Edward D. Breen is the necessary man in corporate Philadelphia.

The New Hope resident is lead director at media giant Comcast Corp., which is an old customer from his youth when he was selling cable antennas. He is chairman of Tyco Inc., the Princeton conglomerate he rescued from bankruptcy and carved into five public companies.

And as of Monday, in what could be his biggest challenge yet, Breen became chairman and chief executive of the venerable DuPont Co., where as interim CEO he had already been freezing projects, combining units, and weighing asset sales, in hopes of boosting profits.

Breen, 59, was recruited to DuPont's board just last spring, as then-CEO Ellen Kullman was fighting off a nasty board election challenge from billionaire raider Nelson Peltz. When Kullman quit in October, Breen's colleagues chose him as interim boss.

Breen moved fast. He met with DuPont's R&D and business group leaders, folded four groups into two, and froze Kullman's "One DuPont" IT upgrade program, sending hundreds of contractors packing two months before its debut. As rumors spread that DuPont was weighing a merger of pesticide operations with Dow, Syngenta, or Philadelphia-based FMC, Breen confirmed that "everyone is talking to everyone."

Some investors and DuPonters expect that Breen will do to DuPont what he did to Tyco, where, by Breen's count, he fired 290 of 300 top managers hired by disgraced predecessor Dennis Kozlowski. Then, over a decade, Breen spun off the likes of ADT alarms, TE Connectivity switches and sensors, and Covidien medical supplies into separate firms, raising billions for investors while shutting dozens of plants and leaving thousands out of work.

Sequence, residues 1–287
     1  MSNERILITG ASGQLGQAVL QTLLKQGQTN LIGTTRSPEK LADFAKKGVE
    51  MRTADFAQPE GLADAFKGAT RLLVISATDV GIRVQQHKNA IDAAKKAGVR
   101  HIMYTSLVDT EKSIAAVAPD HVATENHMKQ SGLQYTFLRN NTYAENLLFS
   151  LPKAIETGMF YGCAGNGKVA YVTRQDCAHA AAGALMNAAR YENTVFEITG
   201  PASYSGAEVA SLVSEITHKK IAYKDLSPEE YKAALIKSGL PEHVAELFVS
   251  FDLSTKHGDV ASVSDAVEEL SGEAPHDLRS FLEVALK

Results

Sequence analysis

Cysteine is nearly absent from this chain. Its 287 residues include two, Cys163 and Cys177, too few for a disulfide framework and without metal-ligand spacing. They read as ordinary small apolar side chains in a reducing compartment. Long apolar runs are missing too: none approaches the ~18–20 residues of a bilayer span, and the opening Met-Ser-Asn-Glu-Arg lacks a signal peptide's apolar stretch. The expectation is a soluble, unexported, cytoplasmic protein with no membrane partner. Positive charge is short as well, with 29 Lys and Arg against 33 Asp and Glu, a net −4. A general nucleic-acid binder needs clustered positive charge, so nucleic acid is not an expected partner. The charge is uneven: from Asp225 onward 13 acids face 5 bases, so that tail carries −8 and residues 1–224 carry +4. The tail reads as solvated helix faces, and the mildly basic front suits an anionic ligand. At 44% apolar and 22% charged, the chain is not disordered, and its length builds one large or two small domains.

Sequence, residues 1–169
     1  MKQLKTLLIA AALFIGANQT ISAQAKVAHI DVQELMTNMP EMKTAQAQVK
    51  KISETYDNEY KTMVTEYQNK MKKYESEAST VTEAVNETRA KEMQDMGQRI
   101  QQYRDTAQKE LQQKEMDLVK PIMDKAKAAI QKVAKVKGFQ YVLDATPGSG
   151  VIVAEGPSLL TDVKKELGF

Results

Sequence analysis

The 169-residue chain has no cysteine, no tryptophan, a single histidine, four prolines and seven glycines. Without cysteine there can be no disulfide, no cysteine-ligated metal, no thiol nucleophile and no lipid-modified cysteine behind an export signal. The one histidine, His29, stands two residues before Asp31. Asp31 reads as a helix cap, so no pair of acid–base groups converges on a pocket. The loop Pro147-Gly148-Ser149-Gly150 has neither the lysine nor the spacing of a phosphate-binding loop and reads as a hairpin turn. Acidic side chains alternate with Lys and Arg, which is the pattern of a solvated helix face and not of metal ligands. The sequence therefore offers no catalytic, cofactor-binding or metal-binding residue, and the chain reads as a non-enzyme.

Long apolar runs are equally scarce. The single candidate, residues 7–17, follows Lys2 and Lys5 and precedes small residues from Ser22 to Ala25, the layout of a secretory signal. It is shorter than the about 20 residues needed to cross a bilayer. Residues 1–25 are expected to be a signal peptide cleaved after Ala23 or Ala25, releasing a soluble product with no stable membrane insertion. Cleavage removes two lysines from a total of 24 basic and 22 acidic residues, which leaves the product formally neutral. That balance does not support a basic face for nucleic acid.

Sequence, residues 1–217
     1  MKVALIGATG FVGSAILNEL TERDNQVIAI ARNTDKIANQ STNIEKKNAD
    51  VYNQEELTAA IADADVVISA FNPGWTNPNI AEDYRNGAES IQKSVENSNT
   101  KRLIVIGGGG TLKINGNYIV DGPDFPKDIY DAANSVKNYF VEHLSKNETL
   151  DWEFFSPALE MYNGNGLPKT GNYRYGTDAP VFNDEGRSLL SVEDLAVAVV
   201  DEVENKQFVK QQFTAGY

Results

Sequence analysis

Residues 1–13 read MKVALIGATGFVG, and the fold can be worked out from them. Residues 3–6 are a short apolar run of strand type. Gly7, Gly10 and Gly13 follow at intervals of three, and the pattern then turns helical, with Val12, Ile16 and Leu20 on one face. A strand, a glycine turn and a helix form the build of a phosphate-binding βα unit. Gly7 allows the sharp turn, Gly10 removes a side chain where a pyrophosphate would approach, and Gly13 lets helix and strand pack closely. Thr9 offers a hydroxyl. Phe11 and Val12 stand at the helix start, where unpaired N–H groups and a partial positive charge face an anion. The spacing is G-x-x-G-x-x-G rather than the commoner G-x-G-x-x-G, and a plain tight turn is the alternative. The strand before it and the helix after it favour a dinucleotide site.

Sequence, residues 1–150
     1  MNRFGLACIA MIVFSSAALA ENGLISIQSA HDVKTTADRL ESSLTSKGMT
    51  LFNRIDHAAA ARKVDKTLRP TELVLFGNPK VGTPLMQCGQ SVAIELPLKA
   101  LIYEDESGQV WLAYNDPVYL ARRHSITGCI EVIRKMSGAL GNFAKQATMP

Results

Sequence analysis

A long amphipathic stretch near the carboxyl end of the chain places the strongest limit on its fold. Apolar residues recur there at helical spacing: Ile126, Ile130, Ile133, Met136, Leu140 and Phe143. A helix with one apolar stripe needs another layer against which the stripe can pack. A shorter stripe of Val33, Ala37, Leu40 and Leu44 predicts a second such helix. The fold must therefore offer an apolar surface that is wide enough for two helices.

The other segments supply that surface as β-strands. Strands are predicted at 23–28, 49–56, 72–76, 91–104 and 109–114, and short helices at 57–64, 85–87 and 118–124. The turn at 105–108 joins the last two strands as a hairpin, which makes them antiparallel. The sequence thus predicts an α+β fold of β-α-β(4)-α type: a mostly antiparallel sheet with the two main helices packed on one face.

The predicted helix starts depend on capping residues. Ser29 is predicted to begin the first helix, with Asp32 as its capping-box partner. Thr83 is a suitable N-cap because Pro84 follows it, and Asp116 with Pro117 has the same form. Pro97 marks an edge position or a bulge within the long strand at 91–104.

But "DuPont is different," Breen told shareholders at the firm's Oct. 27 quarterly conference call.

Maybe, he said, DuPont will be more like General Instrument, which Breen also ran, shutting old business units and cutting a blockbuster deal to move his TV-industry customers into the Internet age. He tripled revenues and boosted the share price until Breen sold it to Motorola for $17 billion in 2000.

Breen, who has homes in New Hope (where he is an investor in the $25 million Riverhouse at Odette's project), Stone Harbor (where he co-owns the Reeds at Shelter Haven hotel), and Center City, said he's been visiting DuPont operations daily since taking over.

Instead of cutting R&D or DuPont's global sales force, which he praised, Breen said he was more likely to trim administrative and financial costs at the Wilmington headquarters. "There's ways to strategically reduce," he said, promising a plan this year.

Eric Pillmore was Breen's chief financial officer at General Instrument, his chief ethics officer at Tyco, and recently a consultant to a big DuPont shareholder on Breen's ability to handle the CEO job. He says Breen prefers to work without pricey consultants. "He relies pretty heavily on the insight of the current investor base," Pillmore said. "He believes people who have money in the company have a more sincere interest in taking the right actions long-term."

"He'll spend a fair amount of time assessing the leadership in the companies."

Pillmore summed up Breen's approach: "Let's be decisive, and if we get things right 80 percent of the time, we can clean up the other 20 percent. Let's not procrastinate on the biggest decision."

He can be decisive in private decisions, too, says painter Scott Cameron. In 2013, Breen spied Cameron's painting of the three-masted steamship S.S. Philadelphia in a Center City gallery window, listed for $15,000. "He walked by, saw it, went into the gallery, and bought it. No dickering," Cameron recalls.

Mentors such as cable mogul John Malone say Breen exhibits a rare combination of business savvy and people skills that helps him sell disruptive changes.

Not rash

Breen's father, a manager at the old Continental Can in Philadelphia, moved the family to Bucks County, where Breen wrestled for Council Rock High School. He headed to Grove City College, a socially conservative school in northwestern Pennsylvania that was a favorite philanthropy of the Pew family when they ran Sunoco. His wife is also a "Grover" (they have three grown children; he's a Grove City trustee).

Breen came home in 1978 to work as a salesman for Jerrold Electronics, the cable TV supplier whose founder, Milton Jerrold Shapp, was Pennsylvania's governor in the 1970s. It later became the chief business line for a larger company, General Instrument Corp.